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Lori J. Pierce, MD, FASCO, FASTRO
Member, BCRF Scientific Advisory Board
Professor of Radiation Oncology
Vice Provost for Academic and Faculty Affairs
University of Michigan
Ann Arbor, Michigan
Member, BCRF Scientific Advisory Board
Goal: To identify ways to enhance the effectiveness of radiation in women with aggressive forms of breast cancer.
Impact: Dr. Pierce is conducting studies to identify clues from the tumor that could be used to predict breast cancer recurrence following radiation therapy. Her work may improve outcomes by identifying patients at high risk of recurrence who need more aggressive therapy, and it could also lead to new treatments for this group of patients.
What’s next: She and her team will investigate treatment approaches that can reverse resistance to radiation therapy. In addition, they will determine if specific tumor receptors can affect the response of patients to radiation therapy.
Radiation therapy after the surgery reduces the risk of local recurrence in the breast. While effective, some women do experience local recurrence. The androgen receptor may play a role in resistance to radiation therapy. Dr. Pierce is investigating the mechanism by which AR promotes resistance to radiation therapy and identifying patients likely to respond to AR blockade plus radiation.
Full Research Summary
Research area: Understanding the mechanisms of radiation resistance in women with aggressive forms of breast cancer and how drug targeting can overcome this resistance.
Impact: Despite treatment that includes radiation therapy (RT), many women with aggressive forms of breast cancer will experience a recurrence in the breast. Dr. Pierce’s team is developing strategies to sensitize resistant cancers to radiation treatment, focusing on the androgen receptor (AR), a known driver of prostate cancer that is also present on many breast cancers. Studies show that AR may also play a role in radiation resistance of breast cancer. Therefore, Dr. Pierce and her colleagues are investigating whether targeting AR may be an effective treatment option for women with aggressive forms of AR-positive breast cancer. They are also looking at ways to sensitize radiation-resistant estrogen receptor-driven breast cancer cells.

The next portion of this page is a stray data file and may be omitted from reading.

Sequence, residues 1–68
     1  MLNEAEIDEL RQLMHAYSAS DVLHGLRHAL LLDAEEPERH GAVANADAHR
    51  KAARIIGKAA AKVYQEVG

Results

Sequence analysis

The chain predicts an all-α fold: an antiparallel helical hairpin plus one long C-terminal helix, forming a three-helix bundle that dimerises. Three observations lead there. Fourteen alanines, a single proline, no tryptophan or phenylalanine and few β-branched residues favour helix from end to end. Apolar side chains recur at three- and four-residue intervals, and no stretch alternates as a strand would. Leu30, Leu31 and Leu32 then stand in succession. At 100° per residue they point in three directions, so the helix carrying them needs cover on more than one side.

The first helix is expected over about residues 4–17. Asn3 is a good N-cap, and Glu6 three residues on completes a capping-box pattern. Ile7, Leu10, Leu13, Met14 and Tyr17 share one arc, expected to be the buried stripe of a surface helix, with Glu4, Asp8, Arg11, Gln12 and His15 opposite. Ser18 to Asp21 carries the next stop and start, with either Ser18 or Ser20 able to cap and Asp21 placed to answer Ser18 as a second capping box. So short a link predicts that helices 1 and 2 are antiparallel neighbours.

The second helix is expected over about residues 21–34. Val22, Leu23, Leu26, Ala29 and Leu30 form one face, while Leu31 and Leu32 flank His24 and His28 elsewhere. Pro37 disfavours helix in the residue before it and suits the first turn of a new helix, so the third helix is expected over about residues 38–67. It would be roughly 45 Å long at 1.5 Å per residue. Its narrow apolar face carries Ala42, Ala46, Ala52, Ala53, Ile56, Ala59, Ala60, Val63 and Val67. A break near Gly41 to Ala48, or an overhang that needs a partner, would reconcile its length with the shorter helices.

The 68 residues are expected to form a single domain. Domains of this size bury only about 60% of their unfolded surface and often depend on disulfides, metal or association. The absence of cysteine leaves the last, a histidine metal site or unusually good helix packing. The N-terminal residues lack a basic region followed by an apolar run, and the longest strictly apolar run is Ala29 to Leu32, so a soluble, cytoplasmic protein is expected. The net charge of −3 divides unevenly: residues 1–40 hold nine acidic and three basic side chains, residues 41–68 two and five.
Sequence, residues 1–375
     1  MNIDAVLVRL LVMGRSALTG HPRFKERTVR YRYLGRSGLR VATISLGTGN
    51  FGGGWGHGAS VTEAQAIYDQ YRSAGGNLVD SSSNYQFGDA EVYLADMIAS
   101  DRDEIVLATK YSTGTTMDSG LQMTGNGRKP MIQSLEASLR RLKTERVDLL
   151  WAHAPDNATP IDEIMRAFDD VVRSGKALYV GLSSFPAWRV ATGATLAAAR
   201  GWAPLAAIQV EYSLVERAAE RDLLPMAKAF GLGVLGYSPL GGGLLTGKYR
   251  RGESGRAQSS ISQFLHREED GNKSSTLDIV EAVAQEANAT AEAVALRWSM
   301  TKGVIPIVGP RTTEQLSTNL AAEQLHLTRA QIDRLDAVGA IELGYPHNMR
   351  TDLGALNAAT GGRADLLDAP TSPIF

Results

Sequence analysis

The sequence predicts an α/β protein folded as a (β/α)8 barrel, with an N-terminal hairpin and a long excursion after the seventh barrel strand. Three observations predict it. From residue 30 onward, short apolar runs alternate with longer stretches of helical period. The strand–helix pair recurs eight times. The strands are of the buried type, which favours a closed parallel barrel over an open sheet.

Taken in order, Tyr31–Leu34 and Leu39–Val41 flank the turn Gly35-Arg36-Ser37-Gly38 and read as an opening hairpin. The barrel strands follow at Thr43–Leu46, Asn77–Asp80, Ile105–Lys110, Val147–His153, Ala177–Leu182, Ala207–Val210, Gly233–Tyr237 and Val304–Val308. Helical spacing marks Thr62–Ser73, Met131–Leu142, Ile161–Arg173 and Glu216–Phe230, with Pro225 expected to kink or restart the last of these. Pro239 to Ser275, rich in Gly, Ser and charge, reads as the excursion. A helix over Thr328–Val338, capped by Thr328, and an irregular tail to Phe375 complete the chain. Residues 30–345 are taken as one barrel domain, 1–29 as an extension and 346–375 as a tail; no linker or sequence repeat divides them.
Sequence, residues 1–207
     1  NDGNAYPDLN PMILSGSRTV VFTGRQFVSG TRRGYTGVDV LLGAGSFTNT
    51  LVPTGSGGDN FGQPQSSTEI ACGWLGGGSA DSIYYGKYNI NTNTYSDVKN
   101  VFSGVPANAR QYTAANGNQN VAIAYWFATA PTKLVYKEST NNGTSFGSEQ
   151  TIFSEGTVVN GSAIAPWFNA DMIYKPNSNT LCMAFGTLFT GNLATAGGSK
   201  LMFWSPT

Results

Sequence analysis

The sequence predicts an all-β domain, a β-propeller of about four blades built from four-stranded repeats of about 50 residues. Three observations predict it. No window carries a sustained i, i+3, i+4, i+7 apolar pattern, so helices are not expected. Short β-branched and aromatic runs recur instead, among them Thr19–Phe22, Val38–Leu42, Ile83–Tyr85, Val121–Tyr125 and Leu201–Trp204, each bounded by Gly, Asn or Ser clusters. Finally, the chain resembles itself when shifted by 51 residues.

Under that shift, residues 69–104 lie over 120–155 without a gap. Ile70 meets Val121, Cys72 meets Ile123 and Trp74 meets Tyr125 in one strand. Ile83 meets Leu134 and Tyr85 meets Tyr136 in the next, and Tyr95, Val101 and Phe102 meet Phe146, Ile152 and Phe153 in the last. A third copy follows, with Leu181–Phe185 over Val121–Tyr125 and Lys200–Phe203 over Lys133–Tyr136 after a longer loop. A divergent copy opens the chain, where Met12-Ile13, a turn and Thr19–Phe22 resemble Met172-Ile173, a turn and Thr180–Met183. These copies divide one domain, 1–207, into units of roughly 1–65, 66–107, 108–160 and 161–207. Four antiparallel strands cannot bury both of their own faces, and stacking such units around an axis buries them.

Current investigation: Dr. Pierce’s team is working to identify novel drug targets that can increase the effectiveness of radiation therapy for women with aggressive forms of breast cancer.
What she’s learned so far: Dr. Pierce has been focused on the causes of radio-resistance in breast cancer and developing radio-sensitization strategies for treating patients. Her group has demonstrated that PARP inhibition led to increased radio-sensitization across a range of tumor subtypes. This finding led to multi-institutional trials to test PARP-inhibitor with RT. In other studies, Dr. Pierce and her colleagues have studied the role of the AR in radio-sensitization and shown that inhibition of AR makes some breast cancers more sensitive to radiation. Moreover, radio-sensitization utilizing an AR-inhibitor such as enzalutamide (Xtandi®) is effective in cancers that express AR and lack estrogen receptor (ER). Those cancers that express both the AR and the ER are not similarly sensitized by AR-inhibition.
What’s next: Her team will investigate the mechanism by which AR promotes resistance to radiation therapy and the role the ER plays in this process. They will extend their studies to AR-positive and ER-positive breast cancer using a novel AR inhibitor, Seviteronel. In addition, they will determine the effect of ER inhibition on resistance to radiation therapy using several ER-inhibitors. The results of these studies will inform future clinical trials of ER inhibitors with radiation as a novel strategy for treating patients with high-risk ER-positive breast cancer.
Dr. Pierce completed residency in Radiation Oncology at the University of Pennsylvania and was a senior investigator at the National Cancer Institute (NCI). She joined the Department of Radiation Oncology at Michigan in 1992, where she is currently Professor of Radiation Oncology and Vice Provost for Academic and Faculty Affairs.
She has published more than 170 papers and book chapters on aspects of radiotherapy (RT) in the treatment of breast cancer, and her work has been funded by the NCI, Department of Defense Funds for Breast Cancer Research, the Breast Cancer Research Foundation, Komen for the Cure, BCBS of Michigan and private industry.
Her research focuses on the use of RT in the treatment of breast cancer, with emphasis upon contemporary RT treatment planning techniques, the use of RT in the presence of a breast cancer susceptibility gene, and pre-clinical and clinical use of radiosensitizing agents.